After three immensely successful mixtapes and three Grammy awards, it’s hard to believe that Chance the Rapper (Chancelor Bennett) has not released a debut album until now. He’s reached a level of success that very few independent artists can achieve. With large artistic freedom, he’s created unique, uplifting rap heavily influenced by jazz and gospel, accumulating close personal and professional ties with some of the biggest rap stars in the process. Given his artistic and commercial success, his debut album The Big Day is long–awaited, highly–anticipated and appropriately titled. On these twenty–two tracks, Chance has set out to deliver a musical marathon that will have a little something for everyone. 

At an hour and seventeen minutes long, The Big Day is an assortment of new music, skits and features. Despite this heterogeneity, Chance the Rapper’s music remains very much unchanged from his earlier mixtapes. His signature gospel-inspired hip-hop style remains overwhelmingly positive, energetic and playful. He devotes large parts of lyrics to themes of his faith in Christianity and the importance of family. 

On the opening track,  “All Day Long, ” Chance dominates the beat with infectious, joyous energy, singing about his loyalty to his love and God while harmoniously accompanied by John Legend’s vocals. One of the strongest tracks, “We Go High,” is quintessential Chance the Rapper at his best, manipulating wordplay and storytelling on top of a melodic flow to describe his personal relationship with his wife. 


Another noteworthy song, “5 Year Plan” is a powerful, introspective track in which Chance the Rapper envisions his future full of love and spiritual growth. He seamlessly weaves rap with vocal interludes from Randy Newman offering advice as an omniscient, God-like narrator.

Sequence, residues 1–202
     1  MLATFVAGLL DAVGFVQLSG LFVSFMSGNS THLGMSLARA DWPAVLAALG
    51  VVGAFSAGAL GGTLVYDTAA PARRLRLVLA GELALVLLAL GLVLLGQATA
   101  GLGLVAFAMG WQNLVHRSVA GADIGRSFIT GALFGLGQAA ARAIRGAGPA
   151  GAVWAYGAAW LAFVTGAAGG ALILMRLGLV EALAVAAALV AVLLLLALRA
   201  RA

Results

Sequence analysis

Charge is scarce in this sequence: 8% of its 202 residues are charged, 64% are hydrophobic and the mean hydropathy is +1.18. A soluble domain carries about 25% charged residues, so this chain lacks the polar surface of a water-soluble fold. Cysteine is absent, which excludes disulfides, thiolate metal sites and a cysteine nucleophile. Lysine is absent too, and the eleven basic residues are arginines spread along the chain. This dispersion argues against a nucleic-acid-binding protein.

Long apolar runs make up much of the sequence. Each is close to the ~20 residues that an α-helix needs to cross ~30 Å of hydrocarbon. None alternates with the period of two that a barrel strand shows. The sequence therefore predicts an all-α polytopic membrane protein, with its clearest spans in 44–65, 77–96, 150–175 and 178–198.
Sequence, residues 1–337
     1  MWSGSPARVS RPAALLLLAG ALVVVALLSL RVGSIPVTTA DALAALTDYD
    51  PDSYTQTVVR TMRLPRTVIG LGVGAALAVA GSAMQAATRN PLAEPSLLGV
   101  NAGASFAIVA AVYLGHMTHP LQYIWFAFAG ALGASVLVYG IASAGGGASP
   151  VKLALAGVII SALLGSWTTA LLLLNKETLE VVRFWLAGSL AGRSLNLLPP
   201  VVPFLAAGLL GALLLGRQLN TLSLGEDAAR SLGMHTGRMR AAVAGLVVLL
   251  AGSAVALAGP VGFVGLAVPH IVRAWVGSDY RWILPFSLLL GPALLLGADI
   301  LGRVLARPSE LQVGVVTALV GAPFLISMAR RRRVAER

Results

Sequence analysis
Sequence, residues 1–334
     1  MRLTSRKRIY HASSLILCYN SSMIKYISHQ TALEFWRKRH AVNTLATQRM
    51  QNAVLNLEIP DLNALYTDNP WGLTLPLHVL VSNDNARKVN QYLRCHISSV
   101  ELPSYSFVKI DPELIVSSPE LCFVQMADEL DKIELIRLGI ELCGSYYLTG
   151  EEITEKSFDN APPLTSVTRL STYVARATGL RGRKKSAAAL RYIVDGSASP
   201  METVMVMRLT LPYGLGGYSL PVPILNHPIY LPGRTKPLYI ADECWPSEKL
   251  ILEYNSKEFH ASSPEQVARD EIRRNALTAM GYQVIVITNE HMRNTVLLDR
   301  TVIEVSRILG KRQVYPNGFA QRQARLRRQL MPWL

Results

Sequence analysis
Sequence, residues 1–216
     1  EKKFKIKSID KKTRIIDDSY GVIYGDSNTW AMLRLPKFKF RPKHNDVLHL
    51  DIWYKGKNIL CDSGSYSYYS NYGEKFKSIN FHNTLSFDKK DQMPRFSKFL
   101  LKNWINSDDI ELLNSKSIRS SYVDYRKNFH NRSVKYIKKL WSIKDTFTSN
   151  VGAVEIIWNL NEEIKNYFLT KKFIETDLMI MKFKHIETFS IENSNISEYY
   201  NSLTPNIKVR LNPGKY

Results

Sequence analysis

Perhaps what makes this album so noteworthy is its liberal use of features, each heavily shaping the sound of each track. With unprecedented ease, especially for a debut record, Chance the Rapper demonstrates a unique ability to blend and tailor his music around a wide range of vocal talents. 

On “Do You Remember,” Death Cab for Cutie’s lead singer Ben Gibbard, lends his indie-rock vocals to create a nostalgic and euphoric sound. Up-and-coming rapper, Megan Thee Stallion, adds an electrifying and rapid flow to her verse on “Handsome.” Clearly influenced by Megan Thee Stallion’s style, the lyrics are confident and sassy. The most surprising, yet well-executed feature is from Shawn Mendes, who lends a catchy and charming pop verse to “Ballin Flossin” an otherwise up–tempo house track. 


Closing the album is “Zanies and Fools” is a mash-up of the beautiful vocals of Darius Scott, the high-energy, fast-paced rapping of Nicki Minaj and the story-telling style of Chance the Rapper set to dance-worthy drum rhythms. It’s a fitting cherry-on-top to this eclectic, genre-mixing and star-studded album. 

Although its great length allows Chance the Rapper to experiment with new music styles and creators, it also causes the album to feel unfocused and boring. Many listeners may find that the album's best hits are buried in all the excess. One gets the sense that Chance the Rapper tried to fit as much as he could on This Big Day while sacrificing clear focus and cohesion. This album serves best as a portfolio displaying Chance’s versatility and adaptability, rather than as a curated concept album. 


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